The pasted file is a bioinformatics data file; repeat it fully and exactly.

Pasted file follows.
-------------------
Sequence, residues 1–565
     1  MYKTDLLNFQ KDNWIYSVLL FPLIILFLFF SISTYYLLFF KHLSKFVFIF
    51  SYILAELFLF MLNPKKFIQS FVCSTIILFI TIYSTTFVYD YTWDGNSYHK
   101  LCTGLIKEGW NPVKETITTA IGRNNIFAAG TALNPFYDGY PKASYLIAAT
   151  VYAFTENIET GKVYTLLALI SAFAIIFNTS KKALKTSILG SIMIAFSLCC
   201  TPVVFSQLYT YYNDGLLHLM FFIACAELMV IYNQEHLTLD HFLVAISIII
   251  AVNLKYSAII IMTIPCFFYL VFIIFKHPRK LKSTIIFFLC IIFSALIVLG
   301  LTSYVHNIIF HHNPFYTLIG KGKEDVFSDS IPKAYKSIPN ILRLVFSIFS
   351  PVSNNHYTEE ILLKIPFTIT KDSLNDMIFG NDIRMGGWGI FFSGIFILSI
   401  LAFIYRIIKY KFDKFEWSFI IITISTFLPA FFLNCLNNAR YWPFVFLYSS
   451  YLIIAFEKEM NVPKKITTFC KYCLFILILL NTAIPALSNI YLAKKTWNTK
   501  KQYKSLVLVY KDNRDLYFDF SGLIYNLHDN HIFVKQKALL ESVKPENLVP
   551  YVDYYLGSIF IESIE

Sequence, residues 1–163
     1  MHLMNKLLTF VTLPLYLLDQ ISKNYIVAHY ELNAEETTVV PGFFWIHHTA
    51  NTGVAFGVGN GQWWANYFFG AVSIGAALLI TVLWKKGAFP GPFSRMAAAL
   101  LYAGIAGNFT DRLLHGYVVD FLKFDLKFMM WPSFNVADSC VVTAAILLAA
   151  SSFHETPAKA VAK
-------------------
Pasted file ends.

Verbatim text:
Sequence, residues 1–565
     1  MYKTDLLNFQ KDNWIYSVLL FPLIILFLFF SISTYYLLFF KHLSKFVFIF
    51  SYILAELFLF MLNPKKFIQS FVCSTIILFI TIYSTTFVYD YTWDGNSYHK
   101  LCTGLIKEGW NPVKETITTA IGRNNIFAAG TALNPFYDGY PKASYLIAAT
   151  VYAFTENIET GKVYTLLALI SAFAIIFNTS KKALKTSILG SIMIAFSLCC
   201  TPVVFSQLYT YYNDGLLHLM FFIACAELMV IYNQEHLTLD HFLVAISIII
   251  AVNLKYSAII IMTIPCFFYL VFIIFKHPRK LKSTIIFFLC IIFSALIVLG
   301  LTSYVHNIIF HHNPFYTLIG KGKEDVFSDS IPKAYKSIPN ILRLVFSIFS
   351  PVSNNHYTEE ILLKIPFTIT KDSLNDMIFG NDIRMGGWGI FFSGIFILSI
   401  LAFIYRIIKY KFDKFEWSFI IITISTFLPA FFLNCLNNAR YWPFVFLYSS
   451  YLIIAFEKEM NVPKKITTFC KYCLFILILL NTAIPALSNI YLAKKTWNTK
   501  KQYKSLVLVY KDNRDLYFDF SGLIYNLHDN HIFVKQKALL ESVKPENLVP
   551  YVDYYLGSIF IESIE

Sequence, residues 1–163
     1  MHLMNKLLTF VTLPLYLLDQ ISKNYIVAHY ELNAEETTVV PGFFWIHHTA
    51  NTGVAFGVGN GQWWANYFFG AVSIGAALLI TVLWKKGAFP GPFSRMAAAL
   101  LYAGIAGNFT DRLLHGYVVD FLKFDLKFMM WPSFNVADSC VVTAAILLAA
   151  SSFHETPAKA VAK